Fermi large area telescope observations of the crab pulsar and nebula

A. A. Abdo, M. Ackermann, M. Ajello, W. B. Atwood, M. Axelsson, L. Baldini, J. Ballet, G. Barbiellini, M. G. Baring, D. Bastieri, K. Bechtol, R. Bellazzini, B. Berenji, R. D. Blandford, E. D. Bloom, E. Bonamente, A. W. Borgland, J. Bregeon, A. Brez, M. BrigidaP. Bruel, T. H. Burnett, G. A. Caliandro, R. A. Cameron, F. Camilo, P. A. Caraveo, J. M. Casandjian, C. Cecchi, Ö Çelik, A. Chekhtman, C. C. Cheung, J. Chiang, S. Ciprini, R. Claus, I. Cognard, J. Cohen-Tanugi, L. R. Cominsky, J. Conrad, C. D. Dermer, A. De Angelis, A. De Luca, F. De Palma, S. W. Digel, E. Do Couto E Silva, P. S. Drell, R. Dubois, D. Dumora, C. Espinoza, C. Farnier, C. Favuzzi, S. J. Fegan, E. C. Ferrara, W. B. Focke, M. Frailis, P. C.C. Freire, Y. Fukazawa, S. Funk, P. Fusco, F. Gargano, D. Gasparrini, N. Gehrels, S. Germani, G. Giavitto, B. Giebels, N. Giglietto, F. Giordano, T. Glanzman, G. Godfrey, I. A. Grenier, M. H. Grondin, J. E. Grove, L. Guillemot, S. Guiriec, Y. Hanabata, A. K. Harding, M. Hayashida, E. Hays, R. E. Hughes, G. Jóhannesson, A. S. Johnson, R. P. Johnson, T. J. Johnson, W. N. Johnson, S. Johnston, T. Kamae, H. Katagiri, J. Kataoka, N. Kawai, M. Kerr, J. Knödlseder, M. L. Kocian, M. Kramer, F. Kuehn, M. Kuss, J. Lande, L. Latronico, S. H. Lee, M. Lemoine-Goumard, F. Longo, F. Loparco, B. Lott, M. N. Lovellette, P. Lubrano, A. G. Lyne, A. Makeev, M. Marelli, M. N. Mazziotta, J. E. McEnery, C. Meurer, P. F. Michelson, W. Mitthumsiri, T. Mizuno, A. A. Moiseev, C. Monte, M. E. Monzani, E. Moretti, A. Morselli, I. V. Moskalenko, S. Murgia, T. Nakamori, P. L. Nolan, J. P. Norris, A. Noutsos, E. Nuss, T. Ohsugi, N. Omodei, E. Orlando, J. F. Ormes, M. Ozaki, D. Paneque, J. H. Panetta, D. Parent, V. Pelassa, M. Pepe, M. Pesce-Rollins, M. Pierbattista, F. Piron, T. A. Porter, S. Rainò, R. Rando, P. S. Ray, M. Razzano, A. Reimer, O. Reimer, T. Reposeur, S. Ritz, L. S. Rochester, A. Y. Rodriguez, R. W. Romani, M. Roth, F. Ryde, H. F.W. Sadrozinski, D. Sanchez, A. Sander, P. M.Saz Parkinson, J. D. Scargle, C. Sgrò, E. J. Siskind, D. A. Smith, P. D. Smith, G. Spandre, P. Spinelli, B. W. Stappers, M. S. Strickman, D. J. Suson, H. Tajima, H. Takahashi, T. Tanaka, J. B. Thayer, J. G. Thayer, G. Theureau, D. J. Thompson, S. E. Thorsett, L. Tibaldo, D. F. Torres, G. Tosti, A. Tramacere, Y. Uchiyama, T. L. Usher, A. Van Etten, V. Vasileiou, N. Vilchez, V. Vitale, A. P. Waite, E. Wallace, P. Wang, K. Watters, P. Weltevrede, B. L. Winer, K. S. Wood, T. Ylinen, M. Ziegler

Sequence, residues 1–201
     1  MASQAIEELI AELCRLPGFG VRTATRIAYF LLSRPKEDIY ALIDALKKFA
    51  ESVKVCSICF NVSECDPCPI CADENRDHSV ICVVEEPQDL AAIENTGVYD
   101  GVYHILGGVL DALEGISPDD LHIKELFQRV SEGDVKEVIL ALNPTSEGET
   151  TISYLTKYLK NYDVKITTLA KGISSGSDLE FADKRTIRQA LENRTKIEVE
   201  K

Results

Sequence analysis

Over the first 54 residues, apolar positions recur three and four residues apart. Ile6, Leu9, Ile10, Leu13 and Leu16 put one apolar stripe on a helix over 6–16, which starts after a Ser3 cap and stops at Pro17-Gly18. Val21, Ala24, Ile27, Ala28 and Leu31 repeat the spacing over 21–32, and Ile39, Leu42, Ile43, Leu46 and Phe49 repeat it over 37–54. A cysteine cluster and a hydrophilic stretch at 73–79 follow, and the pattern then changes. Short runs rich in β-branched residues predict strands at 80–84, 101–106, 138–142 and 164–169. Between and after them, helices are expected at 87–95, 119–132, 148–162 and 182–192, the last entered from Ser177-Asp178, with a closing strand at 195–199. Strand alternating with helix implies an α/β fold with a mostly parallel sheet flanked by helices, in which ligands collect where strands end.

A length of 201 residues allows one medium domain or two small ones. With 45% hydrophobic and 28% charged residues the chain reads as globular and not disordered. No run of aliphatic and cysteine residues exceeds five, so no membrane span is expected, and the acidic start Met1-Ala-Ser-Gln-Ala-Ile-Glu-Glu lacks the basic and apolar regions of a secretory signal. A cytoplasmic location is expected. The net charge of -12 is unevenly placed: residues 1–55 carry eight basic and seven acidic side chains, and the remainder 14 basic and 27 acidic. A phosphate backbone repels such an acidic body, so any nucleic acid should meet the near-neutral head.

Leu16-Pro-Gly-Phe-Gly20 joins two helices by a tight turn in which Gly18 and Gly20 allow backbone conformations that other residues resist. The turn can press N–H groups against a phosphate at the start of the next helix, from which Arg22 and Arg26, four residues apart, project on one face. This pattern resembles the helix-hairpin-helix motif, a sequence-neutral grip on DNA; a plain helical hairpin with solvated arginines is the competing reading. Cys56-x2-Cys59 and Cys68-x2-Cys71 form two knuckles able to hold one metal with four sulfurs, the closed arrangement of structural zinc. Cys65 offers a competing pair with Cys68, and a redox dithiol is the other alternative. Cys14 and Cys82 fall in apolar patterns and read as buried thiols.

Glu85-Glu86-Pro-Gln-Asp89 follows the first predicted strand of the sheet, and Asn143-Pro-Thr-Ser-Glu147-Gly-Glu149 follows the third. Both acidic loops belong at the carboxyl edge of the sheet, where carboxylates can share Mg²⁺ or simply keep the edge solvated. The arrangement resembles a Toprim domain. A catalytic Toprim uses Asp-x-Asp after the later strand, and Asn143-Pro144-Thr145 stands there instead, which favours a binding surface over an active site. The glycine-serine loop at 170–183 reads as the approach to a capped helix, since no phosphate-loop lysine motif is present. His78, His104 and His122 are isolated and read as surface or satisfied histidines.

Research output: Contribution to journalArticlepeer-review

228 Citations (Scopus)

Abstract

We report on γ-ray observations of the Crab Pulsar and Nebula using 8 months of survey data with the Fermi Large Area Telescope (LAT). The high quality light curve obtained using the ephemeris provided by the Nançay and Jodrell Bank radio telescopes shows two main peaks stable in phase with energy. The first γ-ray peak leads the radio main pulse by (281 ±12 ± 21) μs, giving new constraints on the production site of non-thermal emission in pulsar magnetospheres. The first uncertainty is due to γ-ray statistics, and the second arises from the rotation parameters. The improved sensitivity and the unprecedented statistics afforded by the LAT enable precise measurement of the Crab Pulsar spectral parameters: cut-off energy at Ec = (5.8 ± 0.5 ± 1.2) GeV, spectral index of Γ = (1.97 ± 0.02 ± 0.06) and integral photon flux above 100 MeV of (2.09 ± 0.03 ± 0.18) × 10-6 cm-2 s-1. The first errors represent the statistical error on the fit parameters, while the second ones are the systematic uncertainties. Pulsed γ-ray photons are observed up to 20 GeV which precludes emission near the stellar surface, below altitudes of around 4-5 stellar radii in phase intervals encompassing the two main peaks. A detailed phase-resolved spectral analysis is also performed: the hardest emission from the Crab Pulsar comes from the bridge region between the two γ-ray peaks while the softest comes from the falling edge of the second peak. The spectrum of the nebula in the energy range 100 MeV-300 GeV is well described by the sum of two power laws of indices Γsync = (3.99 ± 0.12 ± 0.08) and ΓIC = (1.64 ± 0.05 ± 0.07), corresponding to the falling edge of the synchrotron and the rising edge of the inverse Compton (IC) components, respectively. This latter, which links up naturally with the spectral data points of Cherenkov experiments, is well reproduced via IC scattering from standard magnetohydrodynamic nebula models, and does not require any additional radiation mechanism.

Original languageEnglish
Pages (from-to)1254-1267
Number of pages14
JournalAstrophysical Journal
Volume708
Issue number2
DOIs
Publication statusPublished - 2010

Keywords

  • Gamma rays: observations
  • ISM: individual (Crab Nebula)
  • Pulsars: individual (Crab)
  • Supernova remnants

ASJC Scopus subject areas

  • Astronomy and Astrophysics
  • Space and Planetary Science

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